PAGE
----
By Yoko Ogawa
Translated from the Japanese by Stephen Snyder/Harvill Secker/Paperback/162 pages/ $20.95/Major bookstores/*****
Yoko Ogawa's fourth novel to be translated into English is a technical and emotional marvel.
Read forwards, Revenge is an exquisitely crafted set of linked stories that flows in and out of the lives of one odd protagonist after another. It starts with a woman who buys a birthday cake for her long-dead son every year, moves on to the tale of the lonely baker responsible for these sweet treats and slowly forward to other characters whose stories are connected to theirs, though sometimes unobtrusively.
Comparisons could be made with other books with a similar structure, perhaps Jennifer Egan's award-winning A Visit From The Goon Squad (2010) or Jess Walter's Beautiful Ruins (2012).
Yet in the case of Egan's homage to the music industry and Walter's paean to the silver screen, the final construction is a map of human relationships, a passionate panorama of emotion.
Ogawa's creations do not form as grand and hopeful a picture. Each story has in common a deeply isolated protagonist who nevertheless has such a rich inner life that he or she need not be pitied.
What emerges is a beautifully detailed gallery of self-portraits, individually mesmerising and eerily breathtaking in total, a tight construction of nested stories that fit perfectly within each other and bend the laws of fictional reality by allowing the last tale to contain the first. The final twist is such that the reader can now read the book backwards, chapter by chapter, and marvel at the new shape taken by the story.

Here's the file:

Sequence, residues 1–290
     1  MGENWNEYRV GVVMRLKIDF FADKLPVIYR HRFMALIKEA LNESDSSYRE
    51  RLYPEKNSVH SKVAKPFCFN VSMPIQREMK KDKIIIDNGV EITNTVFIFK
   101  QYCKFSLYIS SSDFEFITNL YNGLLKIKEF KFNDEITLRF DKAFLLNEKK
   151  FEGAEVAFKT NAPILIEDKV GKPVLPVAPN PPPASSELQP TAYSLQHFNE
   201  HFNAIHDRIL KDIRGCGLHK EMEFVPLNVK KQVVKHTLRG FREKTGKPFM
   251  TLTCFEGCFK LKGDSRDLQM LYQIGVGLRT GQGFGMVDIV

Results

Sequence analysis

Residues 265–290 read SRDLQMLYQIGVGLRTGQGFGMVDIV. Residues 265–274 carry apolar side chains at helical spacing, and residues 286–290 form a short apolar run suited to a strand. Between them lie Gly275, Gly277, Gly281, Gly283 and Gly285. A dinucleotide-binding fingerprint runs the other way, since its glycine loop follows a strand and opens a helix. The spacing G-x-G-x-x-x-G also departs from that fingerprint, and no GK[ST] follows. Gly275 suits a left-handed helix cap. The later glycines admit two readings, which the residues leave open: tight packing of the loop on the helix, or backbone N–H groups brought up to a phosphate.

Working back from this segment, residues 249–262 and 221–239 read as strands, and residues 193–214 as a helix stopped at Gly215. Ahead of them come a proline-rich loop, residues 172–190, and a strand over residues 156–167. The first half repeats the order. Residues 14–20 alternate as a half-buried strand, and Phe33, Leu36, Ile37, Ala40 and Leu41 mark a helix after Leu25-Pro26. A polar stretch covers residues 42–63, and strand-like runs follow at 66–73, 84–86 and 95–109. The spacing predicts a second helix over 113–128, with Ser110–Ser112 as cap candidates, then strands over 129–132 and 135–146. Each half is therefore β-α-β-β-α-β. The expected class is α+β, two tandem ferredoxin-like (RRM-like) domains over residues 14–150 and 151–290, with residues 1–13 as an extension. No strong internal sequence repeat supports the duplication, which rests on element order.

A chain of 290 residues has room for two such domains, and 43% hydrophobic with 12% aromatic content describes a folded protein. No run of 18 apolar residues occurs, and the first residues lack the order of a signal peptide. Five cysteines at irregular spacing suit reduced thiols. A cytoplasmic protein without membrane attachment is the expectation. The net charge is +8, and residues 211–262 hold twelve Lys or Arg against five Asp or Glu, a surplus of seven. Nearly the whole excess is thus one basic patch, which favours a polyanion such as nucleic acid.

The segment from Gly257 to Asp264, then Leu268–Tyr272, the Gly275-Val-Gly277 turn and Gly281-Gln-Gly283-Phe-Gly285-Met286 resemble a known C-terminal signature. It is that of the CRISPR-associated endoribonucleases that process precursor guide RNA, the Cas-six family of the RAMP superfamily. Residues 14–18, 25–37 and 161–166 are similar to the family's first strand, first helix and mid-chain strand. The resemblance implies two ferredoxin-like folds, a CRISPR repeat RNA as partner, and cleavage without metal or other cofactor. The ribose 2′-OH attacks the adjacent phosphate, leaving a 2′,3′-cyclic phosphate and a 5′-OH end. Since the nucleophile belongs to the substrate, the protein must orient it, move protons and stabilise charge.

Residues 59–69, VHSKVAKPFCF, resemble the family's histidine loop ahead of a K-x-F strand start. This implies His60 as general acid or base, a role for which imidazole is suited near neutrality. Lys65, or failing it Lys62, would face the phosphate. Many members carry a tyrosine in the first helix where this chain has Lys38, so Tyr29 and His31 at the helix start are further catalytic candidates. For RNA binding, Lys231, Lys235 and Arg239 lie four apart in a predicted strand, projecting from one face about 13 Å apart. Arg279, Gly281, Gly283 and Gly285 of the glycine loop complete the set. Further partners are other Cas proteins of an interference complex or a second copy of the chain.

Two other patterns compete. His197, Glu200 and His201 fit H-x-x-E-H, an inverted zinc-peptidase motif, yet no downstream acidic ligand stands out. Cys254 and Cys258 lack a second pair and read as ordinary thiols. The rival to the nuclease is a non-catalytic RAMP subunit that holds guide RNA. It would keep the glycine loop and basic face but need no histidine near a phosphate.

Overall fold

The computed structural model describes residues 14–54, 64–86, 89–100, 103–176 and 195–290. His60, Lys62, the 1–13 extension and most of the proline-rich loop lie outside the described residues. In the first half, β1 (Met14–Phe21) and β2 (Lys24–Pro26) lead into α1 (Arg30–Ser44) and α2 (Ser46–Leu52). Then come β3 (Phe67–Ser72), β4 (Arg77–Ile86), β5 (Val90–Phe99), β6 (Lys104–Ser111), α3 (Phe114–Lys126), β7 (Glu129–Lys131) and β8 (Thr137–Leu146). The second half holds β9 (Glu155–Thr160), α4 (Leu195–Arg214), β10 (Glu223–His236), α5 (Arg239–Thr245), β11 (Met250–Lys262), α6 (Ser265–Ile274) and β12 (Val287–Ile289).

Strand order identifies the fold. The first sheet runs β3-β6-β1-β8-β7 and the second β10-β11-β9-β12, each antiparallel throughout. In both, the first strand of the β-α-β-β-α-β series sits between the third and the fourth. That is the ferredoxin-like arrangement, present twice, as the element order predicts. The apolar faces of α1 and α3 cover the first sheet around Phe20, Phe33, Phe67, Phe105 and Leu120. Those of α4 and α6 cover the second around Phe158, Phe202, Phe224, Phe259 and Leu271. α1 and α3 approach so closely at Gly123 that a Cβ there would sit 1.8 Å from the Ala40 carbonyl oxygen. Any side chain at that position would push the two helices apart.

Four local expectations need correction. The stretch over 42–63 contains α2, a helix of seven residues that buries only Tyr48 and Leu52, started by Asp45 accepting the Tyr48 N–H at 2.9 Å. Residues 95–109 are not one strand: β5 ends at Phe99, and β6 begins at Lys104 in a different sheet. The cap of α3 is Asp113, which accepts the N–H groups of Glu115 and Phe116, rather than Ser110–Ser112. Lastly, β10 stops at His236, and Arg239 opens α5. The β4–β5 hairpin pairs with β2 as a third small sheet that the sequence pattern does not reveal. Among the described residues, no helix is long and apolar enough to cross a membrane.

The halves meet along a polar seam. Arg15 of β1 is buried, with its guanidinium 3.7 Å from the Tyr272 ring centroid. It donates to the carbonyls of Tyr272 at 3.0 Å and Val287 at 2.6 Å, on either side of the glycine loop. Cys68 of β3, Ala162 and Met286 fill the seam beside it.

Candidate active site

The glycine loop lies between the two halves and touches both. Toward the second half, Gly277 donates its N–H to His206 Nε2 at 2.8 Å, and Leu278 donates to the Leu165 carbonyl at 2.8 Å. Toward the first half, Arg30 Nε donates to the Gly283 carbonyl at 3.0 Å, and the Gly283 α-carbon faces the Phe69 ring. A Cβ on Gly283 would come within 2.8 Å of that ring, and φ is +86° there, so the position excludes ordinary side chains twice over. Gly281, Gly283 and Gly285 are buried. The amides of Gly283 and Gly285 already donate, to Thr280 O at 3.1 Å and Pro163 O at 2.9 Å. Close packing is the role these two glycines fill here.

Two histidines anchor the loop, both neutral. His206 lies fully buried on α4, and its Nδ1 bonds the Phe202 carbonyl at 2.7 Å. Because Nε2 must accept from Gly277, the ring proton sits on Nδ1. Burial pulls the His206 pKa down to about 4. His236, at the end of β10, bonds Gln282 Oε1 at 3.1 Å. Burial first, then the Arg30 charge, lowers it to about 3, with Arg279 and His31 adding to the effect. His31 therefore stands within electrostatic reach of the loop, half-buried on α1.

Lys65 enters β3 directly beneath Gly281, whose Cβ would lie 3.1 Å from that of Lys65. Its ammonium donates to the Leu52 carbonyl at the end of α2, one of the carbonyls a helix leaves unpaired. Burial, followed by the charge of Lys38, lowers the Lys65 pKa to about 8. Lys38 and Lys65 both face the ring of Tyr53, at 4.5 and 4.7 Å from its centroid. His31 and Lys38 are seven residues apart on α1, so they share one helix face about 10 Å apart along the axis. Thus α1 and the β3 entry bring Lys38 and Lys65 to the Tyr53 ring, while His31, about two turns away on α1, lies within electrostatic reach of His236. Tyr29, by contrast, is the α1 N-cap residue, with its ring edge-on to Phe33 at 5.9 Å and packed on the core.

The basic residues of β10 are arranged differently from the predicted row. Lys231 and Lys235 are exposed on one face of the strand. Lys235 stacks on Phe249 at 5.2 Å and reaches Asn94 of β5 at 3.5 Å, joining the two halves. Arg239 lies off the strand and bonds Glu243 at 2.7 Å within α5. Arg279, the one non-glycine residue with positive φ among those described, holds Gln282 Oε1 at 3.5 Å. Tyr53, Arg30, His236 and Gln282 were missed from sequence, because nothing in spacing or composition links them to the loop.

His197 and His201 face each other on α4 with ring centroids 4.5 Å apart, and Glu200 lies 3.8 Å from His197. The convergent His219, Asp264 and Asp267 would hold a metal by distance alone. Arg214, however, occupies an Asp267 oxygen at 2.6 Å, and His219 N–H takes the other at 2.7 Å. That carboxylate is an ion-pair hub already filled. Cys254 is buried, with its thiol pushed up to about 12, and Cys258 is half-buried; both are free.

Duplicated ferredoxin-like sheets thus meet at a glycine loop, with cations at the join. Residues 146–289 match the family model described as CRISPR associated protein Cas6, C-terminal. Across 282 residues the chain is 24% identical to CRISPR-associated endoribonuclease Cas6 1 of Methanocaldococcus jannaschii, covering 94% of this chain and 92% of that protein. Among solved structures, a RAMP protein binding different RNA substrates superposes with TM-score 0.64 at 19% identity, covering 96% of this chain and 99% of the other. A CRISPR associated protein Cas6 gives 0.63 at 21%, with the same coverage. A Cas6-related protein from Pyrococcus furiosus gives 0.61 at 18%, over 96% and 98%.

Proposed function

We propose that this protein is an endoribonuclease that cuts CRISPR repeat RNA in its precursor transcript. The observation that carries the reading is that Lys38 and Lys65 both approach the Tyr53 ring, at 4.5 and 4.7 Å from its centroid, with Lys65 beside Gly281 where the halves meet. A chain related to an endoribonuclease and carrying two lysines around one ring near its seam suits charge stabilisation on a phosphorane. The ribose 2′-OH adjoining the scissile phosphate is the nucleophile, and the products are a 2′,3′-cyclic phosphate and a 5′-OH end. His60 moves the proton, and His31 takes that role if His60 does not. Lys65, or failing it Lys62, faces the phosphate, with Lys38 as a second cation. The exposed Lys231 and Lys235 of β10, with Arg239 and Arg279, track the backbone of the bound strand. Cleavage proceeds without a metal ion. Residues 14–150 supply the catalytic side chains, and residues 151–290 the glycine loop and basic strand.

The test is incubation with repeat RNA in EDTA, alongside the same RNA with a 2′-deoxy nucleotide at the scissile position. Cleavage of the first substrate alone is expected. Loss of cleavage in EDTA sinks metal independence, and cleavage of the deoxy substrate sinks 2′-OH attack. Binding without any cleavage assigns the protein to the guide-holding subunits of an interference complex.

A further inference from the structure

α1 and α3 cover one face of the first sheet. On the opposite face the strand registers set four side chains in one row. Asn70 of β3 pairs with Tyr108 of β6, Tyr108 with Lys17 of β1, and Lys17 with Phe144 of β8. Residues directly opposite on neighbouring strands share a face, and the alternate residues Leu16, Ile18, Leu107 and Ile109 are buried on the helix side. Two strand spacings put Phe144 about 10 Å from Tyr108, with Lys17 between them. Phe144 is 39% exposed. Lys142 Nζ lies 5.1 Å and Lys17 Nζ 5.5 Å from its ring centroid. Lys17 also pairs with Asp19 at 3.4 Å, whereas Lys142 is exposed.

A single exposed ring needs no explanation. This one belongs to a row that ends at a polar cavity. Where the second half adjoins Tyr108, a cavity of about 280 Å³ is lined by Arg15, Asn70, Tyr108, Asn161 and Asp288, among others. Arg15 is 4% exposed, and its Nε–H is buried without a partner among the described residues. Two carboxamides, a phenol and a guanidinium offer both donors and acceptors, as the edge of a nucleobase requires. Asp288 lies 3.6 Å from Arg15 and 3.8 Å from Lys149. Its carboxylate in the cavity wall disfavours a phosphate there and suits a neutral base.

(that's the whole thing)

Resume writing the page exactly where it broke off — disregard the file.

Revenge is an odd title for this collection, though at least three stories have a protagonist reacting against perceived slights. Rather than vengeance, each character is granted a chance to set the record straight in his or her own words, even if he or she is also seen through another lens in separate stories.
Sometimes this results in unsettling dislocations, such as when a young man's memory of his stepmother's sadness at the zoo is overturned when the older woman recalls the same event in a later tale and paints him in the more pitiful light.
But that is the charm of Ogawa's writing, an exoticism that has nothing to do with the story's setting in space or time. Her characters could emerge in any metropolis or be the stranger next door or in the same queue at a bakery.
Her skill is in revealing the strangeness within the human heart, in books such as twisted love story Hotel Iris (2010) or the odd contrived family made by The Housekeeper And The Professor (2008), both also translated by Stephen Snyder.
Yet - and this may be testament to the fluency of the translator - Ogawa's writing is luminous, shedding a kindly light on the dark recesses she exposes.
Her characters exist in a sort of hyperreality, feeling everything more intensely, from the heat of the sun to the onceremoved pain of an accident report in the newspaper. Their reactions, whether sorrow, joy or excitement are equally powerful and rather alarming, since these deep feelings are kept submerged and rarely allowed to surface in polite company.
But then this is a truth readers know and reject every day, that ordinary men and women harbour the most extraordinary secrets and thoughts. What draws the reader in is the author's promise to reveal their hidden depths.
The stories then go on to prove yet another uneasy fact, that every human mind apart from our own holds a frightening, alien strangeness. Yet if we, too, are monsters from another's perspective, what should we really fear?